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I'm using PHP and I need to insert a new record in a MySQL DB or if it exists simply update it. I read several answers where they propose to use REPLACE or INSERT...ON DUPLICATE KEY UPDATE, however if I well understood, these two option imply the use of unique fields or primary keys (that are unique). In my case the MySQL table has values similar to this:

Timestamp            | Query1   | Query2   | Result
-------------------------------------------------------- 
2012-10-13 08:15:27  | American | Men      | here result

2012-10-13 08:15:23  | American | Men      | result2

2012-10-13 08:15:27  | American | Women    | other result

2012-10-13 08:15:27  | German   | Men      | here result

Therefore I cannot have primary keys or univoque fields since "query1", "query2" and "Result" can have the same values (e.g. I can have several records with more fields containing "American" (query1) and "Men" (query2) and different results.

At the moment in PHP I'm using:

INSERT INTO results (Timestamp, Query1, Query2, Result) VALUES ('$current_timestamp', '$nationality', '$gender', '')

Which just append all the records and create a huge DB. But what I want to achieve is adding a new record just if the entire combination query1&query2&result doesn't exist. Otherwise I just want to update the "timestamp" field.

For instance if my PHP script produces the following data:

Timestamp            | Query1   | Query2   | Result
2012-10-13 08:15:23  | American | Men      | result2

and the database already contains this exact combination of "American"&"Men"&"result2" then just the field "timestamp" is updated. Otherwise, if the combination is different (e.g. "American" "Men" "result3) a new record is added to the table.

Thank you in advance for your help

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3 Answers 3

up vote 3 down vote accepted

Even absent a single PRIMARY KEY column like a typical AUTO_INCREMENT integer, if those three columns are meant to be a unique combination you ought to define them as a composite key . This will not only preserve uniqueness but also enforce indexing on them as a unit.

CREATE TABLE results (
  `Timestamp` DATETIME NOT NULL,
  `Query1` VARCHAR() NOT NULL,
  `Query2` VARCHAR() NOT NULL,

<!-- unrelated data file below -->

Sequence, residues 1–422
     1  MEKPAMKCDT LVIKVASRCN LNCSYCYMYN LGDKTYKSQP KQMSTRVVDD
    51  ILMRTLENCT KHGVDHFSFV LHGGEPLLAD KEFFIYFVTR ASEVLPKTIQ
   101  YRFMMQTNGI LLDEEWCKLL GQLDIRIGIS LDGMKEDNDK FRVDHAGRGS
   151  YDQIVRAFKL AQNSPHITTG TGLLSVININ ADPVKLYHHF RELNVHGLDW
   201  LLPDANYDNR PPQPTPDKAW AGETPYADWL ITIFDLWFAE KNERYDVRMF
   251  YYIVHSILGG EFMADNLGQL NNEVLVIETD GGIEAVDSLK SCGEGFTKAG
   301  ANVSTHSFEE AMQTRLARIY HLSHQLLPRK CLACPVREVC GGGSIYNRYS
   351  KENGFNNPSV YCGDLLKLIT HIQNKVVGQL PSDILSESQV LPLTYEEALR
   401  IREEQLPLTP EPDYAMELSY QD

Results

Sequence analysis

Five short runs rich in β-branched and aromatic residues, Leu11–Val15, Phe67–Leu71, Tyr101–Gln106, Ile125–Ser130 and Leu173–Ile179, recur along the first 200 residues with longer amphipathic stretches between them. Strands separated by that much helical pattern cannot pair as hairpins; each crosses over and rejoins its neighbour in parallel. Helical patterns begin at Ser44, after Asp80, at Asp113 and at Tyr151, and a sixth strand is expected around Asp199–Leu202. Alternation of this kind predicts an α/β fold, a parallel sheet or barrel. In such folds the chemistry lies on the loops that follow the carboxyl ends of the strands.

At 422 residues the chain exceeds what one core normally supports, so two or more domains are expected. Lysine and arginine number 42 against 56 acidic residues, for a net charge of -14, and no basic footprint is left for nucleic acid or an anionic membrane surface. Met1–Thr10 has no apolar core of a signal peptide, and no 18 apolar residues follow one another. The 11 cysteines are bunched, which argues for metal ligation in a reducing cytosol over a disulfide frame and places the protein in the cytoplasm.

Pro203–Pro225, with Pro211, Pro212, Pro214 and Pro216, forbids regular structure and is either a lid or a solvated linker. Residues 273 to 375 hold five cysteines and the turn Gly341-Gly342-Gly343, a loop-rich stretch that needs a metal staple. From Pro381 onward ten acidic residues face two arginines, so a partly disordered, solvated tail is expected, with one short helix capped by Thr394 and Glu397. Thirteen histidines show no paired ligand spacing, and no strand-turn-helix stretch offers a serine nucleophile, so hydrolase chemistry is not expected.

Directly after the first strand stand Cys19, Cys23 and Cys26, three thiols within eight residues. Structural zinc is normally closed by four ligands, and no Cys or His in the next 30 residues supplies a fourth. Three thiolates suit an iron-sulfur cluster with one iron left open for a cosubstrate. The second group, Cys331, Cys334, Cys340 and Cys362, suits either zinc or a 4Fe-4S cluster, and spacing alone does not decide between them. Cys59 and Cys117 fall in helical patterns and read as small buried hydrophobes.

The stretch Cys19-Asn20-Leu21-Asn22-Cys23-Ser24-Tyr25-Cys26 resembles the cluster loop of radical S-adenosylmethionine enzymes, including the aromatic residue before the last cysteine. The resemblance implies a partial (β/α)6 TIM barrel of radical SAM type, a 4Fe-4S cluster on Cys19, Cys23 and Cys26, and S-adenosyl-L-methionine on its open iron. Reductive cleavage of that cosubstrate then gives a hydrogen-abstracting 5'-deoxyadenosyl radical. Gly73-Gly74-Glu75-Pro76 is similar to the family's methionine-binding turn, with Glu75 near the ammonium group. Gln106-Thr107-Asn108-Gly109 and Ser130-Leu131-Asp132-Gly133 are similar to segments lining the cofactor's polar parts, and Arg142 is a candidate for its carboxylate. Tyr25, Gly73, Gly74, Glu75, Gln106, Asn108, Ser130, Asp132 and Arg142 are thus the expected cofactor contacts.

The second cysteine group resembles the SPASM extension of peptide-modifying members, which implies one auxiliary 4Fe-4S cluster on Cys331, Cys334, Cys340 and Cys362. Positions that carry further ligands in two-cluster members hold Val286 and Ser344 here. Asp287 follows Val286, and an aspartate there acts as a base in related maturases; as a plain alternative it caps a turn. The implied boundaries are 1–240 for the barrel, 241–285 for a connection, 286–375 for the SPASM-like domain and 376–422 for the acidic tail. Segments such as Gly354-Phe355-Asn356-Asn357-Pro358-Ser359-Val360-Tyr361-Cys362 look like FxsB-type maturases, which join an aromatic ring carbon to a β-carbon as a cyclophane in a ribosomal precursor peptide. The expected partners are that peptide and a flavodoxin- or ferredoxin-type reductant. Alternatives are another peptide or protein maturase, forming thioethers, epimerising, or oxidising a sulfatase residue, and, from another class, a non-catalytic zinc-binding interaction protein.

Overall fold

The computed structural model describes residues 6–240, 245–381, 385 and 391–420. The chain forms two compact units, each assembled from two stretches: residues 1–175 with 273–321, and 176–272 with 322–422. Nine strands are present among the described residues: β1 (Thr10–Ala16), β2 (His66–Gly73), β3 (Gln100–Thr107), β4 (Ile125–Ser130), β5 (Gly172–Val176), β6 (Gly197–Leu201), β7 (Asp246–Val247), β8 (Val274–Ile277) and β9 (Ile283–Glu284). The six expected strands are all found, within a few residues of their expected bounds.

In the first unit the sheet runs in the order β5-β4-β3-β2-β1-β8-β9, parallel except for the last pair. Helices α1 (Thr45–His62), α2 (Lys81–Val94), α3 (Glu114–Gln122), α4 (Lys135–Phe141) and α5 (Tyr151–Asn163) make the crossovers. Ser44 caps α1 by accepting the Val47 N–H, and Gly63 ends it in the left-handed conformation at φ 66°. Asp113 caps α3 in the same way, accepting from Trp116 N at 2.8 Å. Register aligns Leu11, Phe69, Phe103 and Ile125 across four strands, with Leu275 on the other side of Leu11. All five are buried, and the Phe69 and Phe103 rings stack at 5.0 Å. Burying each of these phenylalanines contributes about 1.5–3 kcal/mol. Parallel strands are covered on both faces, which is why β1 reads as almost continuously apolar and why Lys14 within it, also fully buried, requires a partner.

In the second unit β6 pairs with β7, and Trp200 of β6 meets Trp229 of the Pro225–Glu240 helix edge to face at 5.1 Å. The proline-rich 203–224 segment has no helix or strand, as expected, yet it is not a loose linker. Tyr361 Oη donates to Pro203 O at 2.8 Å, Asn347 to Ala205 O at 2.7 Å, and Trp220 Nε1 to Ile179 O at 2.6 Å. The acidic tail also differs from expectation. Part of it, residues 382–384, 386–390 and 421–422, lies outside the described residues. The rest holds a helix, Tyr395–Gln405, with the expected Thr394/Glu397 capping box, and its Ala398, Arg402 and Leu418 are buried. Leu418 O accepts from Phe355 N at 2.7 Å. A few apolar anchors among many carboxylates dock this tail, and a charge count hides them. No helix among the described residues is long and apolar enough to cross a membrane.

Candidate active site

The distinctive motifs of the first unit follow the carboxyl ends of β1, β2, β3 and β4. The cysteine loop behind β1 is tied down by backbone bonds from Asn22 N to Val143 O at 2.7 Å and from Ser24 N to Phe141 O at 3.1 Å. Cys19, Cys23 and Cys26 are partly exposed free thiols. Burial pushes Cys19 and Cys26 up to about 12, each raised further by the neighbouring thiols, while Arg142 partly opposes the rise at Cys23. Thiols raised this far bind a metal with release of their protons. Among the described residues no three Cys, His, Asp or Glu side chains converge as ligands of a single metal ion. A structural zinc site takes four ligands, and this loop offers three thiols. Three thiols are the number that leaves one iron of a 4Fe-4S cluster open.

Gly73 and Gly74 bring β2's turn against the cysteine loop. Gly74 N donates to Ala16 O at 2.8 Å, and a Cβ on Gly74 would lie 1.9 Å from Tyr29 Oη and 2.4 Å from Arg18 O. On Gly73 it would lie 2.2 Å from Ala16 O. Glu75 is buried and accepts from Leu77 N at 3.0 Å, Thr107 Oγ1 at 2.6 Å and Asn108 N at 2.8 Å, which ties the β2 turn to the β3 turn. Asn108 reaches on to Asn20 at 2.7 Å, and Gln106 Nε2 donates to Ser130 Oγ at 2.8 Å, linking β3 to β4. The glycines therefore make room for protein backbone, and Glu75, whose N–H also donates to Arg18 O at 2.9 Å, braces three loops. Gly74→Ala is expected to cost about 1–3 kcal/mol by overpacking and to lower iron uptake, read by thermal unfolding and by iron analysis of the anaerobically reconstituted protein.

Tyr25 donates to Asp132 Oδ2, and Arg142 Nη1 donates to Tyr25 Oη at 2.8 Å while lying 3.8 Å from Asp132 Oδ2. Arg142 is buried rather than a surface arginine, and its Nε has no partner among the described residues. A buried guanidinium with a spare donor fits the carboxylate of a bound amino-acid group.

`Result` VARCHAR() NOT NULL,
  /* Composite key across three columns */
  PRIMARY KEY (`Query1`,`Query2`,`Result`)
);

You may then use ON DUPLICATE KEY UPDATE when inserting to abort insertion on key violations and update the timestamp instead.

INSERT INTO results (
   Timestamp, 
   Query1, 
   Query2, 
   Result
) VALUES (
   '$current_timestamp', /* see note below about NOW() */
   '$nationality', 
   '$gender',
   ''
) ON DUPLICATE KEY UPDATE `Timestamp` = '$current_timestamp';

Note: We assume the PHP variables have been properly escaped already.

Note 2: If the value of $current_timestamp is indeed the current timestamp and not some stored value, I recommend using MySQL's NOW() function rather than pass in a PHP variable.

ON DUPLICATE KEY UPDATE `Timestamp` = NOW()

Same goes for the $current_timestamp in the VALUES() list...

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didnt realize the timestamp should be updated –  davidkonrad Oct 13 '12 at 13:58

You can use a 'WHERE NOT EXISTS' clause, like that:

INSERT INTO results (Timestamp, Query1, Query2, Result)
SELECT '$current_timestamp', '$nationality', '$gender', '$result'
FROM Dual
WHERE NOT EXISTS (SELECT * 
    FROM results 
    WHERE Query1 = '$nationality' 
    AND Query2 = '$gender'
    AND Result = '$result'
  )

Here Dual is a stub/fake table that you can use in mysql only to make the query syntaxically correct.

share|improve this answer
    
-1, you have syntax error on the 2nd line and how does your answer differ from mine? –  haynar Oct 13 '12 at 13:50
    
I was just trying to help, and yes, we came to the same solution because it's the most obvious one. Now, if it makes your day to downvote me, good for you, I'm fine with that. –  mbarthelemy Oct 13 '12 at 13:58
    
+1 for helping. –  Philll_t Dec 9 '13 at 21:36

you can use conditional insert like this one:

INSERT INTO results (Timestamp, Query1, Query2, Result) 
SELECT '$current_timestamp', '$nationality', '$gender', '$result'
    FROM DUAL
    WHERE NOT EXISTS (SELECT * FROM results
                         WHERE Query1 = '$nationality' 
                           AND Query2 = '$gender'
                           AND Result = '$result')

dual is a special one-column table originally introduced in Oracle

source: http://en.wikipedia.org/wiki/DUAL_table

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